• Involve the child in a meaningful activity
  • Then ignore the negative behavior, but not the child

Power: You feel your authority is being challenged. You will be tempted to argue and put down your foot which will escalate the situation, or give in which gives a payoff. So to redirect this goal:

  • Offer choices within your bottom line limits
  • Then disengage physically or emotionally

Revenge: The root of all revenge is hurt so if the goal is revenge, you will feel hurt, and you will be tempted to hurt the child, physically or emotionally which will escalate the situation. Showing your hurt gives the child a payoff and confirms that they succeeded. So, when your child does something revengeful to you, you must first:

  • Resolve their hurt
  • Then teach the child how to express their hurt appropriately. This is probably the toughest misbehavior to address, because you feel hurt! You must remember, though, that you are the grown-up. You do not have to allow the child's behavior to hurt you. If you only address your hurt, you're not resolving the core issue, which is their hurt. You will get your turn to express and resolve your hurt, but the problem won't go away until their hurt is resolved. So the order of your response steps is important.

Giving up: Of the four types intentional misbehavior, the child who is giving up is the most discouraged. If your child's goal is giving up, you will feel discouraged, hopeless and helpless. You will be tempted to try to motivate the child with praise which escalates the situation because praise actually makes the child feel under pressure to perform. The other extreme reaction is to give up on the child and agree they are inadequate! That may sound preposterous, but when we say things like, "Well maybe you just aren't good in sports," it confirms their insecurities. So to redirect this goal:

  • Acknowledge the child's feelings
  • When children are giving up, they are deeply discouraged so instead of giving praise, give encouragement.
  • If the situation involves the child having difficulty with learning a task or skill, you can also teach skills.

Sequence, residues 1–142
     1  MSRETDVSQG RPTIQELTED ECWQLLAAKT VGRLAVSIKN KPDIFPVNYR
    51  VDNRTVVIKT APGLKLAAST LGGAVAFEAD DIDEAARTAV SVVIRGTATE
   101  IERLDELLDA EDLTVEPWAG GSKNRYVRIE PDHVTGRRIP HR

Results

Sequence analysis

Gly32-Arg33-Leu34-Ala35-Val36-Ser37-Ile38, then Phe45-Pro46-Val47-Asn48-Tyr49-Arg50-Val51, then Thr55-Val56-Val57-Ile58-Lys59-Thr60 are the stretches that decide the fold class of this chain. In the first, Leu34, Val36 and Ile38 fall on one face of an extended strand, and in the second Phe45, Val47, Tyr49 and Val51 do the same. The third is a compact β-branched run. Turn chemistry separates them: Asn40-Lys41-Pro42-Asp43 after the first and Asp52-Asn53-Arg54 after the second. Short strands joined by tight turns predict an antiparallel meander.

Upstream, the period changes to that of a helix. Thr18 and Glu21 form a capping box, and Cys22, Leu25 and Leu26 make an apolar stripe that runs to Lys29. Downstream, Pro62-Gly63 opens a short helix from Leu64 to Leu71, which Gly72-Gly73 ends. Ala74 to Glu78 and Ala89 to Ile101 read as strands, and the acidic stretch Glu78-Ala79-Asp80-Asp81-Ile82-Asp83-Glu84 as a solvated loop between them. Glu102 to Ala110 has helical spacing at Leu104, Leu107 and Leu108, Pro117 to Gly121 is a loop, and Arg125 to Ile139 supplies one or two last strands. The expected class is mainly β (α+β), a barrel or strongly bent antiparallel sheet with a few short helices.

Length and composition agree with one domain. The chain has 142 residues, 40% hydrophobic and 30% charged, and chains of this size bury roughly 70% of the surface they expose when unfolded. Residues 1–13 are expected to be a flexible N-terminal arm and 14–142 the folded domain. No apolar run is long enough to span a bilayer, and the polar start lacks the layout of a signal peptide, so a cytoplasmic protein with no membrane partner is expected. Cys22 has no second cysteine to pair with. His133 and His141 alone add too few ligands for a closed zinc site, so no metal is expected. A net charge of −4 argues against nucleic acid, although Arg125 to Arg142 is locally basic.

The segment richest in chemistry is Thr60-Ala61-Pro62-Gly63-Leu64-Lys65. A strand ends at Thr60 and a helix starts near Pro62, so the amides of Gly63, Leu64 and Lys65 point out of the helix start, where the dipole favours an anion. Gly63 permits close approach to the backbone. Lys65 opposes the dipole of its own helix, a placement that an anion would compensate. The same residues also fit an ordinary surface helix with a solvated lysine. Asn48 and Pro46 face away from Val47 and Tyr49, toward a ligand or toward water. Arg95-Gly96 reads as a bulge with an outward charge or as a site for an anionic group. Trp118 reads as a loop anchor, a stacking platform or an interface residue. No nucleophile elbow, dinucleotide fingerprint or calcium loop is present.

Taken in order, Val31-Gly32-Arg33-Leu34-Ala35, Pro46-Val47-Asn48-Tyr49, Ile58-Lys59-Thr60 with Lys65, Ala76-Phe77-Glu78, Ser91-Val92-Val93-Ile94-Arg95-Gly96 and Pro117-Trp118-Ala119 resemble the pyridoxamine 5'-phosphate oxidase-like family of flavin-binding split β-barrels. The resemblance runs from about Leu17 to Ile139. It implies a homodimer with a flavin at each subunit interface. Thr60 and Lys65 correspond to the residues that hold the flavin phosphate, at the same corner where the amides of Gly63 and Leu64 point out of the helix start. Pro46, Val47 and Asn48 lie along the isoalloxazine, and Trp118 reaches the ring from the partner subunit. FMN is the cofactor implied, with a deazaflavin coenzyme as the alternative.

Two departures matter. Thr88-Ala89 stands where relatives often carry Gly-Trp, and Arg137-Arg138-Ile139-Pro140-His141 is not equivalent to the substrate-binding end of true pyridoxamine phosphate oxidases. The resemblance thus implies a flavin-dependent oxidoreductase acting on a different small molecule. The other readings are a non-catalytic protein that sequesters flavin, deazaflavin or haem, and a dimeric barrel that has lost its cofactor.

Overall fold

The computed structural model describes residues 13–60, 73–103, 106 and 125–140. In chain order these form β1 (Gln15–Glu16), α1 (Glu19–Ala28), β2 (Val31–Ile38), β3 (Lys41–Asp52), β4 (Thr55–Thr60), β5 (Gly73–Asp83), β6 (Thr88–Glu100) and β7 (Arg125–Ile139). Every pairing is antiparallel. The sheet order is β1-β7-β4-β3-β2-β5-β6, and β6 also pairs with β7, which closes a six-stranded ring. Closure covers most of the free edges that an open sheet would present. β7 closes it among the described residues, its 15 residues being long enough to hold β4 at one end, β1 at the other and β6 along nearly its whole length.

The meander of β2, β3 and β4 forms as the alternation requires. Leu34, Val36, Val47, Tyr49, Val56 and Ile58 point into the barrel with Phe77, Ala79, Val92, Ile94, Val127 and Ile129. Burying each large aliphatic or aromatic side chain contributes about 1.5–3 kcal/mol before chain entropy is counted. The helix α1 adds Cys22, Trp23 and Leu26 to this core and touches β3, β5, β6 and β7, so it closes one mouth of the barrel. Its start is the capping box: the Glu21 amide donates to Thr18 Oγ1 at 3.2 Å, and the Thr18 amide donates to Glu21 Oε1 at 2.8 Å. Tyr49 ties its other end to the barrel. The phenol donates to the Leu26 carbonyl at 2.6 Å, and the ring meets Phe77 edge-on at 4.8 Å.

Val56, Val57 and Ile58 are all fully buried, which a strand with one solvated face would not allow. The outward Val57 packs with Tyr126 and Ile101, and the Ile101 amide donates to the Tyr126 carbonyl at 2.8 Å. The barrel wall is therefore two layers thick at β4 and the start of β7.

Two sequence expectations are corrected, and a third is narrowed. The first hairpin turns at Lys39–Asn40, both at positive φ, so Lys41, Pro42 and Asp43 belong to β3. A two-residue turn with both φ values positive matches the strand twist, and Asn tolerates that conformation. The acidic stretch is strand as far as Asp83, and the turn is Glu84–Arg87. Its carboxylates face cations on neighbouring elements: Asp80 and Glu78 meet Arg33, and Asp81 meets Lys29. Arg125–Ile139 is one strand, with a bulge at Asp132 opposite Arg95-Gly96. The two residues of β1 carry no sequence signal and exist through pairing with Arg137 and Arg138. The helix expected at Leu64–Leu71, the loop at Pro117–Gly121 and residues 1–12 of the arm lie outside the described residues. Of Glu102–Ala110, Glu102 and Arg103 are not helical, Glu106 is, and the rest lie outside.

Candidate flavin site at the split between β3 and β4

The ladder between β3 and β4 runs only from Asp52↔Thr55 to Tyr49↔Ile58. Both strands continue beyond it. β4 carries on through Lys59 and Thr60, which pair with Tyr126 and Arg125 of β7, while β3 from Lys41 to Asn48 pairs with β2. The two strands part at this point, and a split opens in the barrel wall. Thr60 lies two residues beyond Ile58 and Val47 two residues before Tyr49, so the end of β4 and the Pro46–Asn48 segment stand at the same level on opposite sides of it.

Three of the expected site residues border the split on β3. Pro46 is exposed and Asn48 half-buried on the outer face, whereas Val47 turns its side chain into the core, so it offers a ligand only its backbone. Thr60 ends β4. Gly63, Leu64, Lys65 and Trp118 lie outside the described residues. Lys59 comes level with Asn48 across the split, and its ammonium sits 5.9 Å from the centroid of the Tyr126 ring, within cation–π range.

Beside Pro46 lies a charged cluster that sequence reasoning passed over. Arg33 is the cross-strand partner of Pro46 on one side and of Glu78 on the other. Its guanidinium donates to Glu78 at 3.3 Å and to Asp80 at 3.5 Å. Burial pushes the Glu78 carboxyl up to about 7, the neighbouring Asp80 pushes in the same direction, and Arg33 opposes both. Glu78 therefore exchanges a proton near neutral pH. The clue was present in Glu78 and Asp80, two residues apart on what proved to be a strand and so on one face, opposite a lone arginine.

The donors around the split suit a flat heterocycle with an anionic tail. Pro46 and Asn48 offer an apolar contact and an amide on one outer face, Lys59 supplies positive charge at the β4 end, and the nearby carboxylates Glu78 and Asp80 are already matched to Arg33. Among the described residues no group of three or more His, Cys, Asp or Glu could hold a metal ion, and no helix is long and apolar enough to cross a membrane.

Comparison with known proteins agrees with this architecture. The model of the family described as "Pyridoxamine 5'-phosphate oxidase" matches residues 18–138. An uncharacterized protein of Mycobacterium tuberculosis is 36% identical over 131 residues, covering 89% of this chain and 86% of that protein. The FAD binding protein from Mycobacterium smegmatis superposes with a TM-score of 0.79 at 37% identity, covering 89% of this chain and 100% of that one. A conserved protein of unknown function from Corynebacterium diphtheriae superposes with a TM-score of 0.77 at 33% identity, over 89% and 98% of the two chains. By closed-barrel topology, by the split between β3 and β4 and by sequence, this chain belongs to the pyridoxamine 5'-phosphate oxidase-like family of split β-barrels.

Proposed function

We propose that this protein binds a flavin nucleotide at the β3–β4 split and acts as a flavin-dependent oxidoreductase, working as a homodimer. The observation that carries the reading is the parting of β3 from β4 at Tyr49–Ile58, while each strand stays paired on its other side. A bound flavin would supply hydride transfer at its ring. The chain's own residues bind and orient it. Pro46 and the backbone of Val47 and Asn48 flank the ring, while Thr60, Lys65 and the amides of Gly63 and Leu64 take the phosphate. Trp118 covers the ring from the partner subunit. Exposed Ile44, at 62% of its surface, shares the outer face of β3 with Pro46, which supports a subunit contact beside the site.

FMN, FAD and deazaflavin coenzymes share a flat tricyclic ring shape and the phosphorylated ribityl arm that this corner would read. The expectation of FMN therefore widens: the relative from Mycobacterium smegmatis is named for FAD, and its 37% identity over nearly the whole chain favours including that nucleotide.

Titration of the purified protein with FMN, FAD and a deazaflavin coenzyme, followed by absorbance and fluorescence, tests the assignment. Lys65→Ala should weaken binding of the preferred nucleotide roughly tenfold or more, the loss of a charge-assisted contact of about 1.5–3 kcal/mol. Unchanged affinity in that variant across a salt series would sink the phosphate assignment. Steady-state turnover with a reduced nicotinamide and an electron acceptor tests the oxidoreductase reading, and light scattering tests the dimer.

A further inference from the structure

Additional Points to Remember

1. When in doubt, assume the misbehavior is unintentional and teach skills. If you are wrong, the child will go out of his/her way to show their behavior is deliberate, which is the key word in identifying "on-purpose" misbehavior.

2. Unintentional behavior can turn into intentional behavior if we react to it.

3. One behavior can serve more than one purpose, but not simultaneously.

4. The purpose behind misbehavior can shift from one second to the next. You'll feel the change. Ask questions one and two again and proceed accordingly.

5. If we don't redirect misbehavior before we discipline, it turns the discipline into punishment and won't work as effectively.

As long as this article is, it really doesn't do this subject justice. You probably have some questions about effectively responding to misbehavior each time in a way that stops it permanently. Swing by my website for more options.

Jody Johnston Pawel, LSW, CFLE is a second-generation parent educator and president of Parent's Toolshop® Consulting. She is the author of 100+ resources for parents and family service professionals, including her award-winning book, The Parent's Toolshop at Parent's Toolshop® Consulting, Ltd. Since 1980, Jody has trained parents and professionals through her dynamic presentations and served as internationally recognized parenting expert to the media worldwide. Get practical parenting resources, including more information about this topic at Parent's Toolshop®'s archive.

© Jody Johnston Pawel. Permission to republish granted to Pregnancy.org.